915) I’ll Get By With a Little Help From My Friends?

 

PSALM 121:1 —  I will lift up mine eyes unto the hills, from whence cometh my help.

My help cometh from the Lord, which made heaven and earth.

He will not suffer thy foot to be moved: he that keepeth thee will not slumber.

Behold, he that keepeth Israel shall neither slumber nor sleep.

The Lord is thy keeper: the Lord is thy shade upon thy right hand.

The sun shall not smite thee by day, nor the moon by night.

The Lord shall preserve thee from all evil: he shall preserve thy soul.

The Lord shall preserve thy going out and thy coming in from this time forth, and even for evermore.

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     “From whence cometh my help?”  That’s a good question.  We all need a little help now and then, and it is good to know where to look when you need it.  But no matter how much is ever done, there is only so much anyone can do for another, and the rest has to be done or endured alone.  Even in the closest of relationships, there are those places in our hearts that remain hidden, those things that will never be understood, those thoughts and emotions just too hard to express or get across.  Not only that, but when your dying day comes, even if you are surrounded by family, friends, doctors, and nurses, it will still be just you there dying, just you that will take that next step into the unknown all alone.  “I’ll get by with a little help from my friends,” says an old song by the Beatles.  That’s a nice thought, and we can and will help each other in all kinds of ways, and that makes life better.  But in all the biggest ways, including the very biggest thing of all, death and what comes next, there is no friend that can help us ‘get by.’

     “I will lift up mine eyes unto the hills,” said the Psalmist.  We don’t know who wrote this Psalm, but David wrote many of the Psalms and he may have written this one.  I can imagine David having these thoughts as a shepherd boy, all alone out in the pasture tending to the flocks day and night, looking off to the hills on the horizon.  It was a dangerous job being a shepherd trying to protect the sheep from wild animals, thieves, and from the sheep’s own stupidity by which they could wander off into all kinds of trouble.  “I will lift up mine eyes to the hills, from whence cometh my help?”  That question has been repeated by millions of people over the years, people who may have had some help, but were still quite alone in their troubles.  If the Psalmist, if we, always had all the help we ever needed, there would be no need to be looking off into the hills for help.  But we know we need more help than anyone can give us, and so we are looking.  We all know the feeling, and for that reason this Psalm has been a favorite of many.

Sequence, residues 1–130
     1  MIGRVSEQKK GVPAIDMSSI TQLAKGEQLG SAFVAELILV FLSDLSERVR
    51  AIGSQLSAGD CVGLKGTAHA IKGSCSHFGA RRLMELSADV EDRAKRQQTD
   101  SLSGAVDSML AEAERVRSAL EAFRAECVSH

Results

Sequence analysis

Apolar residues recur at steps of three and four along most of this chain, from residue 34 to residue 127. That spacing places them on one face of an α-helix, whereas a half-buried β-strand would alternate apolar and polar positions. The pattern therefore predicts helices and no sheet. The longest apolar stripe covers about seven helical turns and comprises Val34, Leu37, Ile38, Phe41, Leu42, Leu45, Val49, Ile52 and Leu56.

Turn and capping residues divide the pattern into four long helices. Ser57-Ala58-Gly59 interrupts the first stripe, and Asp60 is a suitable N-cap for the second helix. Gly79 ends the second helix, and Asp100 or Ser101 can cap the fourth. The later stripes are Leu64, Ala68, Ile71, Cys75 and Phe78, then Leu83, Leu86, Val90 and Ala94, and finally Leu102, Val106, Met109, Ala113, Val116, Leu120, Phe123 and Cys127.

The Psalmist does not find the help he is looking for in the hills, but he does find help.  “From whence cometh my help?,” he asks, and then says, “My help cometh from the Lord, which made heaven and earth.”  The Lord who made me and gave me life, and who can preserve my soul (verse seven).  There is comfort in hearing that our soul can be preserved, because we know what happens to our body.

     But the Bible says that you are more than a body.  You have a soul, and the Psalmist, looking for help, says, “My help cometh from the Lord… he shall preserve thy soul.”  That is getting the help we need.

     The Psalmist concludes by saying, “The Lord shall preserve thy going out and thy coming in from this time forth, and even for evermore.”  Think of it; even for evermore.  For evermore is beyond what any of us can imagine, but one thing we can understand.  The Lord does not mean for death to have the last word.  The Lord does not intend that anything end here, with a body in a casket or ashes in an urn.  That is only the body.  “The Lord shall preserve thy soul,” it says, and then, as we say in the Apostle’s Creed, “We believe in the resurrection of the body to life everlasting.”

     “From whence cometh my help?  My help cometh from the Lord, which made heaven and earth.”

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WHAT A FRIEND WE HAVE IN JESUS, Joseph Scriven, 1855

What a Friend we have in Jesus,
  All our sins and griefs to bear!
What a privilege to carry
  Everything to God in prayer!
O what peace we often forfeit,
  O what needless pain we bear,
All because we do not carry
  Everything to God in prayer.

Have we trials and temptations?
  Is there trouble anywhere?
We should never be discouraged,
  Take it to the Lord in prayer.
Can we find a friend so faithful
  Who will all our sorrows share?
Jesus knows our every weakness,
  Take it to the Lord in prayer.

Are we weak and heavy-laden,
  Cumbered with a load of care?
Precious Savior, still our refuge—
  Take it to the Lord in prayer;
Do thy friends despise, forsake thee?
  Take it to the Lord in prayer;
In His arms He’ll take and shield thee,
  Thou wilt find a solace there.

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O God, you who have prepared a place for my soul, prepare my soul for that place; prepare it with holiness, prepare it with desire; and even while it remains on earth, let it dwell in heaven with you.  Amen.

–Joseph Hall  (1574-1656)

“Lord, now lettest thou thy servant depart in peace, according to thy word:  For mine eyes have seen thy salvation.”

–Simeon, in Luke 2:29-30

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Just for the fun of it, here are the Beatles singing “I’ll Get By With a Little Help From My Friends” (1967):

https://www.youtube.com/watch?v=onnE7vOIyvs